Inside an otherwise ordinary office building in Lower Manhattan, government-funded scientists have begun collecting and connecting together terabytes of patient medical records in what may be one of the most radical projects in health care ever attempted.
The data – from every patient treated at one of New York City’s major hospital centers over the past few years – include some of the most intimate details of a life. Vital signs. Diagnoses and conditions. Results of blood tests, X-rays, MRI scans. Surgeries. Insurance claims. And in some cases, links to genetic samples.
The effort is being duplicated at 10 other sites across the country using data from hospitals, academic research centers, community health clinics, insurers and other sources. If all goes well, by September 2015 they will be linked together to create a giant repository of medical information from 26 million to 30 million Americans.
Nothing of this scale has been built before, and researchers say the potential of the network to speed up research efforts and to answer questions that have long vexed scientists cannot be overstated.
But the creation of the network presents ethical questions about who owns and controls the data, how to protect patient privacy, and how research questions will be prioritized.
Both the opportunity and the anxiety are pretty electrifying, said Francis Collins, director of the National Institutes of Health.
The origins of the patient project lie in an obscure part of the 2010 Affordable Care Act. As part of the nation’s health care overhaul, Congress created an independent nonprofit group to help patients and their doctors make better-informed decisions about care.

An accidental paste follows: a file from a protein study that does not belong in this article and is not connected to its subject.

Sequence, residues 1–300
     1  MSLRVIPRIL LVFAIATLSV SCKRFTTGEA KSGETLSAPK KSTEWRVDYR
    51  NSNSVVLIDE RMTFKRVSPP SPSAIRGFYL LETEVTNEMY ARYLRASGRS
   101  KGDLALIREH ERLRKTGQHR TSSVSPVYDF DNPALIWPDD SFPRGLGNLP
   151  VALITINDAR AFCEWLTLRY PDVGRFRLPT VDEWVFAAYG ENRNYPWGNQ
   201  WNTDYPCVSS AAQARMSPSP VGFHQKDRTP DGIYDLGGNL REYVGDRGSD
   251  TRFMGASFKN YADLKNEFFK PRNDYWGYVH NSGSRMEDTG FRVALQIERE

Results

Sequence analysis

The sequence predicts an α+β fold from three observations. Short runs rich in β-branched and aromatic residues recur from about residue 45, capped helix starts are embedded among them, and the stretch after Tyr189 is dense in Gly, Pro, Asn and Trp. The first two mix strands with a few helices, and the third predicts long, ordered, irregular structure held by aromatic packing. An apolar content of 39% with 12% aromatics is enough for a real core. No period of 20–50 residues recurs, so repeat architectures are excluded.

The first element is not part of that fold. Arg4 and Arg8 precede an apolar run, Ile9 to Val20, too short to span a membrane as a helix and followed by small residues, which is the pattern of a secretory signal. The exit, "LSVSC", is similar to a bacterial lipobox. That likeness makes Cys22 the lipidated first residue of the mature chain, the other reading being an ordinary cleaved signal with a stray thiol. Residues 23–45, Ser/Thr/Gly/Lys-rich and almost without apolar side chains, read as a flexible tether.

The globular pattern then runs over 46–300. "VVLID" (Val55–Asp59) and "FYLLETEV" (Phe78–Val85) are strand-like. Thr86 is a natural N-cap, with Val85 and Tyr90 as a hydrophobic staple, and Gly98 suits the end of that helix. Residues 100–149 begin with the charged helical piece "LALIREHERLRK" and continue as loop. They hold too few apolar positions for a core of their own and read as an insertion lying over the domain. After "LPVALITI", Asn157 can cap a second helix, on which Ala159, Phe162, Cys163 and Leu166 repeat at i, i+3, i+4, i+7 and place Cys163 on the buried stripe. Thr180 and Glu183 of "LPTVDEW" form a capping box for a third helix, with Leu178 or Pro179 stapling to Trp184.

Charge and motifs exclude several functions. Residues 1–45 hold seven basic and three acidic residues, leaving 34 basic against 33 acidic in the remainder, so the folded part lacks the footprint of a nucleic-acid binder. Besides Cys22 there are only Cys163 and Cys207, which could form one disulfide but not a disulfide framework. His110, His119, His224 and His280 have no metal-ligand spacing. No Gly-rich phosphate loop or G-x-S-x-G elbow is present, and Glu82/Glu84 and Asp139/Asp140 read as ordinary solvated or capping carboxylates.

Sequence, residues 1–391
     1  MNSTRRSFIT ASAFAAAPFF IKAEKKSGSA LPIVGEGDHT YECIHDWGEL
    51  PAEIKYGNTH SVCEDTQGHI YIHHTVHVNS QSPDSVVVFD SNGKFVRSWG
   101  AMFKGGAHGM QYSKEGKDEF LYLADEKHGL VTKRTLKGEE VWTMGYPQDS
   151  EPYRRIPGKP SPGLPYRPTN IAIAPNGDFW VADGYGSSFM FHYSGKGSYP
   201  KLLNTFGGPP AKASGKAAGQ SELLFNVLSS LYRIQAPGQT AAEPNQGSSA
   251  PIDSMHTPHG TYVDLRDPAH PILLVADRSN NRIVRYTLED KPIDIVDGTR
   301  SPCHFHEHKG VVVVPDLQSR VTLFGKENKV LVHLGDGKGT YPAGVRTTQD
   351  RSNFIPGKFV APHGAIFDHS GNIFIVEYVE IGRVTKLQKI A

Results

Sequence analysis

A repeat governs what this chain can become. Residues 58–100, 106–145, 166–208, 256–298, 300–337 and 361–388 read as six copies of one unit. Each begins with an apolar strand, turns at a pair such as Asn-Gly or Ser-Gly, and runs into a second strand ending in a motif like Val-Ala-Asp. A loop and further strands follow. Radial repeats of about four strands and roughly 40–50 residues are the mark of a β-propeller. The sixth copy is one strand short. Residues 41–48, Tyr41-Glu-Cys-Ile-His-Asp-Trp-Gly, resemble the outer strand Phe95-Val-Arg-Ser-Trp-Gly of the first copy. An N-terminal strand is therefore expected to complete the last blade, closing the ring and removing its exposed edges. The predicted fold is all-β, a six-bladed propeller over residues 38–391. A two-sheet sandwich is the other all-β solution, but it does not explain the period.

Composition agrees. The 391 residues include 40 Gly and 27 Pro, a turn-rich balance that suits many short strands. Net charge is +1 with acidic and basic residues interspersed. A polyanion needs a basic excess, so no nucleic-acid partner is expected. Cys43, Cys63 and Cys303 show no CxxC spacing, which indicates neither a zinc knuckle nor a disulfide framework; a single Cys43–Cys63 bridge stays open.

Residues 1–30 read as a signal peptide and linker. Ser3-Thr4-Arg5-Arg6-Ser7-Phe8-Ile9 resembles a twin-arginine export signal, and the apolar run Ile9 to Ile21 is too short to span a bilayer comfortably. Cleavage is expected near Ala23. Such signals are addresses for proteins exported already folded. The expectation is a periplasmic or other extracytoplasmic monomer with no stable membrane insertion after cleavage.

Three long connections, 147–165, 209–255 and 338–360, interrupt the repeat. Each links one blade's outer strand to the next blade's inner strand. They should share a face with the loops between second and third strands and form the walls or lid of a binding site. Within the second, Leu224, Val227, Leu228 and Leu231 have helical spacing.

Dubbed the Patient-Centered Outcomes Research Institute, or PCORI, the organization’s mandate is to launch, fund and coordinate research on comparative effectiveness – to find out which drugs, devices and treatment options are more effective than others.
Do certain sets of behavioral interventions work better than others for weight control, for example? Might certain antibiotics work better for cystic fibrosis patients, based on their genetic profile?
Such questions have been surprisingly difficult to answer, despite the thousands of clinical trials published every year.
Physicians have long grumbled that few studies can be translated into practical advice. Some studies are too small to draw any definitive conclusions. Others include patients diagnosed with a single condition, while most patients are more complicated – they suffer from multiple issues.
It isn’t uncommon for studies to contradict each other, and there’s no way for clinicians to know which one is right, because they often use different methodologies.
The whole idea was to create a way to do the kind of research that would inform the real world, explained Eugene Rich, who researches health care effectiveness for Mathematica Policy Research, based in Princeton, N.J.
The database – an idea that has been talked about for years – holds the hope that some of those obstacles can be overcome.
We will be able to get answers with a degree of certainty that we’ve never had before, said Joe Selby, PCORI’s executive director, who calls the patient records network the holy grail of health care research.
Collins said the value of the network is that it gives scientists the ability to ask an endless number of questions about a massive patient population with great speed and little cost.